OK, so does it work?


As of mid April 04, I have had 43 days on Sasse Ridge to compare the real world with the model. General conclusion: considering all the wild assumptions on which the model is based, it seems to work fairly well.


It has been fairly good at predicting layers, and at what elevation they might peter out. On the other hand, on Dec. 3 and 4 2003 it missed the fact that 3 inches of new snow fell all the way to the valley floor, instead of turning to rain at ~3000 feet as the model suggested. This snow came from a very rapidly moving front with dropping temps on the backside. Hard to predict what the snow level will be in these conditions I think. There may also have been cold air pooling in the valley. Don’t really know.


On December 10 and 11 ‘03, the graph was surprisingly accurate, predicting the layers fairly well, as the total new, at least to 5400 ft. elv.


Dec. 17 and 18 ‘03 the model slightly underestimated the new snow on the valley floor, but otherwise seemed quite accurate, at least to 3900 feet. A monumental amount of new higher up. The model suggested that there would be a slight rain crust  that would disappear between 3300 and 3800 feet, and excepting the valley floor data category, that’s just what I found. The model also quite accurately predicted how much new snow I would find  at my usual campsite after one week.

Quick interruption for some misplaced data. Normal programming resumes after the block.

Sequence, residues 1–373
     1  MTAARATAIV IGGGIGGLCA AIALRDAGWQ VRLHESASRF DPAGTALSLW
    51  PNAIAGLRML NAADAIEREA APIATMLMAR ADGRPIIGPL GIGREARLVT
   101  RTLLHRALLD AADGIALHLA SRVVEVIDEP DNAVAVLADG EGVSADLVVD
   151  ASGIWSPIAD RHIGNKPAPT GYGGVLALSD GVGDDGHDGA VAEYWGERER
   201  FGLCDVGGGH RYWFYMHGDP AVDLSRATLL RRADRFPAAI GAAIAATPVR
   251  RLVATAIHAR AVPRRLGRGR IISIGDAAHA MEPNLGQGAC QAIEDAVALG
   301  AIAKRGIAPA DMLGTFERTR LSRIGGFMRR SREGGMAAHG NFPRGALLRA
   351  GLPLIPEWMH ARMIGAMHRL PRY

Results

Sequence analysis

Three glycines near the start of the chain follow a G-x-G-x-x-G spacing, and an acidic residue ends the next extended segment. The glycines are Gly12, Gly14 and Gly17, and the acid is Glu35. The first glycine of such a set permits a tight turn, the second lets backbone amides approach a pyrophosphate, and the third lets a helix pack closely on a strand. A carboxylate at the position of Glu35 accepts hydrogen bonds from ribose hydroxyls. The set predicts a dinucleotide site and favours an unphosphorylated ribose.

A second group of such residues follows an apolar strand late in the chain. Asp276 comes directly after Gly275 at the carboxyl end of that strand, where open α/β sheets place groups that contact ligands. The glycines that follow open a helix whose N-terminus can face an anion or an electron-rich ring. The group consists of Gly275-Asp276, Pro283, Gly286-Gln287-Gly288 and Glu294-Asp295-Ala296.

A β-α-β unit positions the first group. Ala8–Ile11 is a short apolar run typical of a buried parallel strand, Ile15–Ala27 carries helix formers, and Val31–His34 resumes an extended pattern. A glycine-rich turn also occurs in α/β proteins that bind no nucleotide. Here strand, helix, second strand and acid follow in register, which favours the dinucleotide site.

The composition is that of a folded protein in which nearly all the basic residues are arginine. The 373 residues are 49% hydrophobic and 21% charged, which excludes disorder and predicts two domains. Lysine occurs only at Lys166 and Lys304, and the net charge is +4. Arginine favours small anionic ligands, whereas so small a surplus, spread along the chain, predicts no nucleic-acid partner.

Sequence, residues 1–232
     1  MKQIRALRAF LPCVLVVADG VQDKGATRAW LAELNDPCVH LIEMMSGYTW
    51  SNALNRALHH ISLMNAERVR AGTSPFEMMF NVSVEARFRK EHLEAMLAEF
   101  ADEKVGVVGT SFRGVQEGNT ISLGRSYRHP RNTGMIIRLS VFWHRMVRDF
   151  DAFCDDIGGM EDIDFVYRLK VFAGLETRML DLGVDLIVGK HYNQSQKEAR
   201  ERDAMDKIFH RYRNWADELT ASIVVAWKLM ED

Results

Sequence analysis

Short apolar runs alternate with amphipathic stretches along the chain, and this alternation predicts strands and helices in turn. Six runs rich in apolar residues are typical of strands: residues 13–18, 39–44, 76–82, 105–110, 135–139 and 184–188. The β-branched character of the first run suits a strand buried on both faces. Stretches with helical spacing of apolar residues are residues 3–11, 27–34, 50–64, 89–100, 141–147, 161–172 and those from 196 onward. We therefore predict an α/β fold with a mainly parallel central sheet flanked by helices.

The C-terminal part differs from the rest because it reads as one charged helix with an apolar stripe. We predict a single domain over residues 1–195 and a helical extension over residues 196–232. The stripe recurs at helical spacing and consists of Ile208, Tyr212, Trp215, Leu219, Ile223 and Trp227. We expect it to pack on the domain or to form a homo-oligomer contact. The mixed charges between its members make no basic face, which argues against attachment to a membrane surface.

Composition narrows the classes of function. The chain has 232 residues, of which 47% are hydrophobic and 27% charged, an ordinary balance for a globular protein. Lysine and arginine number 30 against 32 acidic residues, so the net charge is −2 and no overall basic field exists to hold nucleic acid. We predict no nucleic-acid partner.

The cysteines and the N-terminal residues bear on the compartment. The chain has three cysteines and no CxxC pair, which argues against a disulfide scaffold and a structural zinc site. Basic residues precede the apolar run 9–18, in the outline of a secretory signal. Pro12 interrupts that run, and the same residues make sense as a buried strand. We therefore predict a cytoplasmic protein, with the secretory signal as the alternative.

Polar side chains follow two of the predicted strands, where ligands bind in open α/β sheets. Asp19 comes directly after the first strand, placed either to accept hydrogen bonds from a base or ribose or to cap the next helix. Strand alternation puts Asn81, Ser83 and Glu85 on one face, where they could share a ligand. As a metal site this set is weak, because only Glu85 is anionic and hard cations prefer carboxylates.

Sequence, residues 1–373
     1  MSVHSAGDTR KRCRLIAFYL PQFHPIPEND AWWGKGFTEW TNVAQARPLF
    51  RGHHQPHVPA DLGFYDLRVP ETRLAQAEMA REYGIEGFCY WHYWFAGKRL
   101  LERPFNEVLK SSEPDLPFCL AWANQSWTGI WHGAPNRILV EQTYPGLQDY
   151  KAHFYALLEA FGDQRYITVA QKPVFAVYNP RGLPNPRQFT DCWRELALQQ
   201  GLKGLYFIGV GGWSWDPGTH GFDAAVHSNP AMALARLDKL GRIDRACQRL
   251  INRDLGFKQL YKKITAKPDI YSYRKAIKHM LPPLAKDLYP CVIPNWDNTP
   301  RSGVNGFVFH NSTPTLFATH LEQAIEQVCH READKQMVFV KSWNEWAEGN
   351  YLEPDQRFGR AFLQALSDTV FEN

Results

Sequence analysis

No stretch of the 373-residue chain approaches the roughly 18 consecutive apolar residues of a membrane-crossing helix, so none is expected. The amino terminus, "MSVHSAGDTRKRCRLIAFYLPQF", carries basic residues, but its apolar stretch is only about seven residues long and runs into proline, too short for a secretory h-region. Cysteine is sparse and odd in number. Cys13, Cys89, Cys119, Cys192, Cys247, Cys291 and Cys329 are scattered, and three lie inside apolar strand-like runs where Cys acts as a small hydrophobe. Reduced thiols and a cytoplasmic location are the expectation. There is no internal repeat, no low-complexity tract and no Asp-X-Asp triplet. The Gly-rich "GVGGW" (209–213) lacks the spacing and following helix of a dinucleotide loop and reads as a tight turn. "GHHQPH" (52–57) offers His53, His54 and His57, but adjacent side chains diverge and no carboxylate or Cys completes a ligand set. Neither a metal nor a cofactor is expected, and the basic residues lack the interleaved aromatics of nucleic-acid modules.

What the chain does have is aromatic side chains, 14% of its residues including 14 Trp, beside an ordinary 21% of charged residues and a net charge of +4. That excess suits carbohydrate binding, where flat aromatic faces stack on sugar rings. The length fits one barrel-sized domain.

The following week after 3 inches new snow higher up, but near freezing on the valley floor, the model did quite well at the difficult prediction of the new snow accumulation at lower elevations.


In any case,  I am finding the graphs useful. They have been telling me how tough it’s going to be driving to the end of the road at least before the plow gets there, and how tough breaking trail is going to be. The newest graphs with temperature, solar radiation and wind speed  have also been quite helpful. The temperature range may give a hint about whether or not a ‘layer’ shown on the graph is real, and the wind speed may give some indication of wind transport of snow.


Nov 2006: I still find the graphs quite useful. You do have to interpret them with caution however, and make sure that they are consistent with other sources of information.


Fall 2007: Yup, still using the graphs last winter, and the Sasse summer chart is handy for checking how the hiking conditions have been in the Cle Elum RD